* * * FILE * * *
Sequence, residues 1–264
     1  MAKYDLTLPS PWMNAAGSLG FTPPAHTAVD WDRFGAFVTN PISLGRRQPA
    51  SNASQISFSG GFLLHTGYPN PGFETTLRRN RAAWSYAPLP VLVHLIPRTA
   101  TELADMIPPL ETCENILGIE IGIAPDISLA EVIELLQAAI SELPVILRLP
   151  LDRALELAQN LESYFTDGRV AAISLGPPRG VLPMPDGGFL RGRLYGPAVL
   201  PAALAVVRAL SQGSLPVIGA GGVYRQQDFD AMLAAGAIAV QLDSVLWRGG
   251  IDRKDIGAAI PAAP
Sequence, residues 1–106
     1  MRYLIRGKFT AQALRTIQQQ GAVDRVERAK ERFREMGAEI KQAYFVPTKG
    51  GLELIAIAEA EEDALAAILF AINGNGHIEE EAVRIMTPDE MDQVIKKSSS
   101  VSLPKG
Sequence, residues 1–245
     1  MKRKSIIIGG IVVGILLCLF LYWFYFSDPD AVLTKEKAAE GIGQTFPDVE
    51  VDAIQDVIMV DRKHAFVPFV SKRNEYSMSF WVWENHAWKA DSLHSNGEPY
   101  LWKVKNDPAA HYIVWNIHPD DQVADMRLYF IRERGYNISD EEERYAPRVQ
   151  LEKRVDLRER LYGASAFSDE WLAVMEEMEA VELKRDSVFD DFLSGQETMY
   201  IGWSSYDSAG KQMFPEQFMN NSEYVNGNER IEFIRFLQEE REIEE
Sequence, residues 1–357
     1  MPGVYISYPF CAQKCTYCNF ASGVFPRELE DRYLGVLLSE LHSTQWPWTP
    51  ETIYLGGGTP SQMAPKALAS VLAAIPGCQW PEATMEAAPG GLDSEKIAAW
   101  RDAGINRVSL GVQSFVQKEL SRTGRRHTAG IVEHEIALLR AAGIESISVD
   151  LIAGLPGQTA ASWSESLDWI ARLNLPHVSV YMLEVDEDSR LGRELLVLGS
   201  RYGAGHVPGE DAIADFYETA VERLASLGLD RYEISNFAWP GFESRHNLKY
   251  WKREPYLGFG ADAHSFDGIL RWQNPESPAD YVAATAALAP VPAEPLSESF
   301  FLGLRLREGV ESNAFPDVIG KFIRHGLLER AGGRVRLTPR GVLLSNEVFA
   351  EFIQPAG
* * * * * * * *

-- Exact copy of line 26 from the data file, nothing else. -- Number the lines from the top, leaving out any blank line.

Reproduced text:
   351  EFIQPAG